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Supreme Court dismisses appeal of loan defaulter, upholds Karnataka HC order

The appeal was filed against the order of the Punjab and Haryana High Court seeking directions to quash and set aside the proceedings for the offence punishable under Section 138 of the NI Act.

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The Supreme Court has upheld the order of Karnataka HC which had dismissed the appeal of a loan defaulter and refused to quash the proceeding initiated against him under section 138 of the Negotiable Instruments Act.

The petitioner submitted before the Apex Court that the disputed cheque was never issued by him, in fact, at the time of taking loan, the said respondents had mortgaged the property of value 9 Crore, to which the SC replied, “we do not find any error in the order passed by HC.”

The bench led by Justice Hemant Gupta and Justice V. Ramasubramanian has refused to pass any directions in the matter.

The appeal was filed against the order of the Punjab and Haryana High Court seeking directions to quash and set aside the proceedings for the offence punishable under Section 138 of the NI Act. The High Court in its order dated March 30, 2021, had refused to quash the proceedings while stating that as per the prima facie material before the court would disclose that the cheque was presented and bounced, for which notice was issued and thereafter when the demand was not complied, the cause of action arose to invoke Section 138 of the NI Act against the petitioner.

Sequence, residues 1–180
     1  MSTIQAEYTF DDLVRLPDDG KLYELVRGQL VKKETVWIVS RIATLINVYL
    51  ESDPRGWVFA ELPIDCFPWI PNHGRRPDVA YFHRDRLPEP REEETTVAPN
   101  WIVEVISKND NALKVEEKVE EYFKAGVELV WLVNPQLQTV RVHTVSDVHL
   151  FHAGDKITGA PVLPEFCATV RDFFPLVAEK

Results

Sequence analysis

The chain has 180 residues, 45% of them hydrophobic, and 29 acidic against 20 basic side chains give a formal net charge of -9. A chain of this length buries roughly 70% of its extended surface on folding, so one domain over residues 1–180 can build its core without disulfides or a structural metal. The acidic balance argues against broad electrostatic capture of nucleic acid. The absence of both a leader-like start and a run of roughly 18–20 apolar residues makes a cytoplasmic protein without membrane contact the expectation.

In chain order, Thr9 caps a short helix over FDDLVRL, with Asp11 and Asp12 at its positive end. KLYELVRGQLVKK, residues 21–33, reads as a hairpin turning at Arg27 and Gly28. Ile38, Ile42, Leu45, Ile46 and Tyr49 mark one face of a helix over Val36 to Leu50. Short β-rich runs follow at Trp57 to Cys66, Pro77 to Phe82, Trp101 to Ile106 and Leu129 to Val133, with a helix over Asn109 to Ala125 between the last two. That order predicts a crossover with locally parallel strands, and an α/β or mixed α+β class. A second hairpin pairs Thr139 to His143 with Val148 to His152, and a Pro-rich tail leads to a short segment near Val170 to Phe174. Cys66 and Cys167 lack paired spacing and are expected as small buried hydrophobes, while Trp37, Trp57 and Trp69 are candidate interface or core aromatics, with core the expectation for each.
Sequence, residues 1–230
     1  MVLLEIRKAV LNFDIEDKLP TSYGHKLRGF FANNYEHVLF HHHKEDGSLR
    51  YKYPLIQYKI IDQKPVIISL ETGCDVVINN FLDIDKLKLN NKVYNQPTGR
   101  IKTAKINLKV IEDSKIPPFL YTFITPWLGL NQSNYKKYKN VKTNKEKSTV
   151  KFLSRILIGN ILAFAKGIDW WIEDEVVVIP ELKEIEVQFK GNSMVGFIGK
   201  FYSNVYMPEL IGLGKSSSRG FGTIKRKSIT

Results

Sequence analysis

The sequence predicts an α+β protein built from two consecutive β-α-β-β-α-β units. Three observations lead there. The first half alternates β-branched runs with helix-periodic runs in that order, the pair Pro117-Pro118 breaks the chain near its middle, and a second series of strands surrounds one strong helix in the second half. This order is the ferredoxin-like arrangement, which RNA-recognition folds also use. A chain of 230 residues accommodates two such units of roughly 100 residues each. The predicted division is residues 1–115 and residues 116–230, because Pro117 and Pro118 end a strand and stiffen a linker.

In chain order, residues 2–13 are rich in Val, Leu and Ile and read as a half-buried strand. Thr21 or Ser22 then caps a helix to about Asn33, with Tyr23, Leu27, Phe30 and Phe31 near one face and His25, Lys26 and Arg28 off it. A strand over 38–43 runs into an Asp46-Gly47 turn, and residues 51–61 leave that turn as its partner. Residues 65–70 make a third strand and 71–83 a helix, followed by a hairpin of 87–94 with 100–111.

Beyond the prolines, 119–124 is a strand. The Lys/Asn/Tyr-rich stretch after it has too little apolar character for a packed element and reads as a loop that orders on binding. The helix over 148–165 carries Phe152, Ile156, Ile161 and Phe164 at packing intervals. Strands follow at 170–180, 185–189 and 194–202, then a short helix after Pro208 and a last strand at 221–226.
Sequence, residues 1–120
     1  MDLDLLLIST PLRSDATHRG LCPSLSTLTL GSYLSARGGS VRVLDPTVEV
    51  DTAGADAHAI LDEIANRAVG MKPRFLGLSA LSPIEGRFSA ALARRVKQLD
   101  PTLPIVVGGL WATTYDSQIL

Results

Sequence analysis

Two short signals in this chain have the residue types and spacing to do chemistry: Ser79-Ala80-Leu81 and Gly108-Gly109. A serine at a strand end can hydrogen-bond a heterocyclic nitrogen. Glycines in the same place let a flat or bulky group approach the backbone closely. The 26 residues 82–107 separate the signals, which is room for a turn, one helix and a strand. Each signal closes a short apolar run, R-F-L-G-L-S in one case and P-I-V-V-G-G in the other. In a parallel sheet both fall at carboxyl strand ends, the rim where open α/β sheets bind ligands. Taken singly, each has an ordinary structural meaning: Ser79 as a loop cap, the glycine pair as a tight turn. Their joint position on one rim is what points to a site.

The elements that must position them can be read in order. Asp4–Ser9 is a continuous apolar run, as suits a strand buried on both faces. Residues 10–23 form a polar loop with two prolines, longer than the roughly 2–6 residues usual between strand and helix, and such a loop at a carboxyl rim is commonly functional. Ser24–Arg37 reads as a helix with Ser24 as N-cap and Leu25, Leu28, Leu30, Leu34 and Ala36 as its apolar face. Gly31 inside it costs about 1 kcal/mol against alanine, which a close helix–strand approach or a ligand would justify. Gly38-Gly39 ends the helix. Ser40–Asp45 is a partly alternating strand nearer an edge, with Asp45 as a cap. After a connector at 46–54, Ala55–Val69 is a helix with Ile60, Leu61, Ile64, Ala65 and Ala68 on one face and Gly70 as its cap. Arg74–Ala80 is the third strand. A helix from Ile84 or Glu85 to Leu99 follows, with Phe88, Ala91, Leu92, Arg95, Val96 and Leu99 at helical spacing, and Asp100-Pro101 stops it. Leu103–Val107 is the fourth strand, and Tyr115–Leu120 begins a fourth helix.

The Counsel for the petitioner before the High Court had submitted that he was under financial distress, he even produced documents of ITR to show he has suffered huge loss due to the collapse of real estate market. The petitioner also contended that the properties are pledged in the favour of respondents and they are having civil right to seek appropriate remedy, but instead they had filed criminal proceedings, to which the court had stated that the fact as to whether the petitioner is having financial distress or not has to be considered by the Learned Magistrate only during the course of the trial. The petitioner’s counsel also submitted before the Court that he was not in position to appear before the Court since he was almost on death bed by showing the medical records.

The High Court had said that the same may be presented before the learned Magistrate contesting with regard to the financial distress and also the health condition of the petitioner.

Read Also: Supreme Court refuses 6 months moratorium on repayment of bank dues amid second wave of Covid-19

The High Court had further held that, “I do not find any merit in the petition to quash the very initiation of the proceedings against the petitioner. the judgement which have been quoted by the learned counsel for the petitioner are on the merits with regard to the financial distress and not at the stage of issuance of process against the petitioner. Hence, it is not a fit case to exercise the powers under Section 482 of C.r.P.C. to quash the proceedings.

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